Bamboo

Sorry to disappoint. We don't / won't sell Bamboo. Here's why:

You could fill several pages with information on why Bamboo is a poor choice for flooring. Lack of durability, elimination of natural species in favor of bamboo farming, unsafe / unethical labor practices, harsh chemical adhesives used in every plank of flooring, embodied energy in bringing the product to market... The list goes on. Until someone convinces us otherwise, we're not about to jump on a trend we consider greenwashing

An antique or salvaged or sustainably harvested floor from Pioneer Millworks will be eco friendly, add far greater value to your project, and the materials will outlast Bamboo, saving you money on a new floor down the road. Plus, you'll feel much better using our flooring, knowing that your wood floor was fully sourced and manufactured from our very own shops in Upstate New York and McMinnville, OR, both staffed by some of the best craftsmen in the industry.

It's not just us. Here's a short article by Dr. Jim Bowyer for Dovetail Partners summarized and posted by Tree Hugger.com that nicely describes why we feel FSC reclaimed and fresh sawn are better choices.

It is clear that bamboo is not being managed in a sustainable fashion. It is true that it naturally regenerates, but forests are being cleared to grow it and it is becoming a monoculture. Although it is claimed that fertilizers are not necessary, in fact they are being used to increase yield. Research quoted in the report is shown on the right.

Bamboo Flooring Lacks Credible Certification
Dr Bowyer points out that there is nothing comparable to FSC Certification, ensuring that the forest has been harvested in a sustainable fashion. (We note that FSC looked at this last year but have not seen any certifed bamboo yet.)

Other Issues with Bamboo Flooring

  • There is no Fair Trade certification, ensuring that the workers have appropriate working conditions and wages. Considering that it grows like a weed and is being manufactured by rural Chinese workers, and yet sells at prices comparable to local hardwoods, someone is making huge margins on its current trendiness. We think it should be the workers.
  • Almost all bamboos have formaldehyde binders.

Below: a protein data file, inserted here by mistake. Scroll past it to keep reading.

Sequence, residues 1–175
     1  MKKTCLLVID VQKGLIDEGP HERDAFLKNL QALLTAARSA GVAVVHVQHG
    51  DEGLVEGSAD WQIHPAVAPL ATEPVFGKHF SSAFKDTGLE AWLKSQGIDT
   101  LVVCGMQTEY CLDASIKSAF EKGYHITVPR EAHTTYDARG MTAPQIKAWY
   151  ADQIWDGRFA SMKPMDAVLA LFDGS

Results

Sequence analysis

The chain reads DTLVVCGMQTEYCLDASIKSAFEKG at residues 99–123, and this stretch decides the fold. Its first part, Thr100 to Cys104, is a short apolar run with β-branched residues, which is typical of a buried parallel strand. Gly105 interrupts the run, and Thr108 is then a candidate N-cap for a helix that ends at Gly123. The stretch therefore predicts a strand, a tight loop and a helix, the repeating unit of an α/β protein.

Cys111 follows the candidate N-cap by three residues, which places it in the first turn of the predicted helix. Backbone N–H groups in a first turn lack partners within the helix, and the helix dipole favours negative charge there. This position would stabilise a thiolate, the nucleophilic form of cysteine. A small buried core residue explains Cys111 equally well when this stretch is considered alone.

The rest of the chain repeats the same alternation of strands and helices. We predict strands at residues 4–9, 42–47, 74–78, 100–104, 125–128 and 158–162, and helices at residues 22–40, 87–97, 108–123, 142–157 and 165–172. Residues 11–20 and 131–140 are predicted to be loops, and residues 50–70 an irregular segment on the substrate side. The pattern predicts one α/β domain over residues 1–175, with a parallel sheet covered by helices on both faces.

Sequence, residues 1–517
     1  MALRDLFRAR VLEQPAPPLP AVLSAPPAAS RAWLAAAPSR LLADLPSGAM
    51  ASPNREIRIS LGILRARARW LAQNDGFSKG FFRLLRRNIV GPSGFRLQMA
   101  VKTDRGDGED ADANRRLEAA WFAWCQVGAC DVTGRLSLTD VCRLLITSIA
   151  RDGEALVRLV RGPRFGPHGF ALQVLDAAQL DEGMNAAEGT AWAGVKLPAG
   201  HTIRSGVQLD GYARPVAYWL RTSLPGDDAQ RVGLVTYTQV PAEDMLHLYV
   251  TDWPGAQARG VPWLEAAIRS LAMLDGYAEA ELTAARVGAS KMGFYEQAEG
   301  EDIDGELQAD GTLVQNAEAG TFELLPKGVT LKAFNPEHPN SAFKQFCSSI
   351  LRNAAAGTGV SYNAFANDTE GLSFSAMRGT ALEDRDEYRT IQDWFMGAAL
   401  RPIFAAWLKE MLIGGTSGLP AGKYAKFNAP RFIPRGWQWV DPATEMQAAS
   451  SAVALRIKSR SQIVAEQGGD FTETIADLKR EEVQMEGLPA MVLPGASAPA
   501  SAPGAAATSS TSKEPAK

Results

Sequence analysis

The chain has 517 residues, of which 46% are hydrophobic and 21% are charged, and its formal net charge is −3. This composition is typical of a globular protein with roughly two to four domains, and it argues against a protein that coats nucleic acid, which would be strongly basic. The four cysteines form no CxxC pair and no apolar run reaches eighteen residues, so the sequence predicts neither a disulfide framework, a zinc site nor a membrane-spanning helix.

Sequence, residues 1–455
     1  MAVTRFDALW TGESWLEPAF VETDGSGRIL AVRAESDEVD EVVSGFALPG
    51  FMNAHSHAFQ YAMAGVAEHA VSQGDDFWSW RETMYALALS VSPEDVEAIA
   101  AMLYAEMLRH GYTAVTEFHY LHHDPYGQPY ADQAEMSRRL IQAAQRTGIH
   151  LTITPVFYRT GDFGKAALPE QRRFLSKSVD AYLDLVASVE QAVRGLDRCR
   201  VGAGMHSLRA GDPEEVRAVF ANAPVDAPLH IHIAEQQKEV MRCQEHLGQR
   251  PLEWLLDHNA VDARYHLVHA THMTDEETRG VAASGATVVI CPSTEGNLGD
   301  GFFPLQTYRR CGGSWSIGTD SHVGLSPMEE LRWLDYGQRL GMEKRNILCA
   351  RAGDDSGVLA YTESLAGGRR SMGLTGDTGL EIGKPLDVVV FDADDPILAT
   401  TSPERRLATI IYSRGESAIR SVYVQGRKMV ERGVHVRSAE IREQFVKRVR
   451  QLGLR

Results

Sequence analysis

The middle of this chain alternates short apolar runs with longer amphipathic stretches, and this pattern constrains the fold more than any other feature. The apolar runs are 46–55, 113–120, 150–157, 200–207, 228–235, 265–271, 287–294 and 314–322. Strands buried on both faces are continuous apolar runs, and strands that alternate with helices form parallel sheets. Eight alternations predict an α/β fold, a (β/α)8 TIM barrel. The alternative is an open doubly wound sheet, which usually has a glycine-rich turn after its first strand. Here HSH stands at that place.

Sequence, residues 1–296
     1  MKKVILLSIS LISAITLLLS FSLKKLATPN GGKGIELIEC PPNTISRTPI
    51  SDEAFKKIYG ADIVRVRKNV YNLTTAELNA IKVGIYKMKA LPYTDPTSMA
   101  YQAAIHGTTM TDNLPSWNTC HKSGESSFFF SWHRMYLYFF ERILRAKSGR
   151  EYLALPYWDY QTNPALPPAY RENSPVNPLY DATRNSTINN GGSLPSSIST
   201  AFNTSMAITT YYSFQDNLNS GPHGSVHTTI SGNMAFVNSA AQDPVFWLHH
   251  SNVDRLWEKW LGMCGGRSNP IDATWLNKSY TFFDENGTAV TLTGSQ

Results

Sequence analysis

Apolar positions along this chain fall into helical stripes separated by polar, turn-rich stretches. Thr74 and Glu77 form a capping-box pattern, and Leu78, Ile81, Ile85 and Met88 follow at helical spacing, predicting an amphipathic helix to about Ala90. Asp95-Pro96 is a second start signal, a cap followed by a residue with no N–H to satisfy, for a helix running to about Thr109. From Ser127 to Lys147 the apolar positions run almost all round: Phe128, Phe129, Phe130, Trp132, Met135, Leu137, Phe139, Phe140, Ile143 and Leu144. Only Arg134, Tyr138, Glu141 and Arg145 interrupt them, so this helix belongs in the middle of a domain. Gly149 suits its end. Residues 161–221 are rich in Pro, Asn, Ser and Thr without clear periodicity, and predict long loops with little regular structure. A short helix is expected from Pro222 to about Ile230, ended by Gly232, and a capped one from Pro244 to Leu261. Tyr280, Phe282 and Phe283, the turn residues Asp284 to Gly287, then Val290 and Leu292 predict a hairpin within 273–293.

• It's mostly shipped from China, which flies in the face of our obsessions with local sourcing and trade imbalances.

In Conclusion
Functionally, it is not intrinsically harder or better than traditional floors.

Choice of supplier is important. You can't just pull it off the lumberyard shelf and assume that it is a green product — you have to check out the source. And you have to trust them, as there appears to be no third-party certification process.

While there are benefits accruing from using a renewable resource, until one can find an FSC or equivalent approval rating, a Fair Trade seal, formaldehyde free, we and many others consider bamboo to be a false benefit, or greenwash.

 

“Recently, bamboo expansion has come at the expense of natural forests, shrubs, and low-yield mixed plantations... It is common practice to cut down existing trees and replace them with bamboo.”
“As forestlands tend to be in hilly and mountainous areas with steep slopes, clearcutting has resulted in an increase in erosion until the bamboo becomes fully established...”
“Natural forests in the vicinity of bamboo plantations have sometimes given way to bamboo as a result of deliberate efforts to replace them or because of the vigorous natural expansion of bamboo in logged over forests. This process has also had a negative impact on biodiversity.”
“The intensive management practices employed involve manual or chemical weeding and periodic tilling of the land to keep the soil clear of undergrowth. These practices increase erosion and result in single-species plantations over large areas.”
“The intensive use of chemicals (pesticides, weed killers and fertilizers) [associated with growing bamboo] also affects the environment...”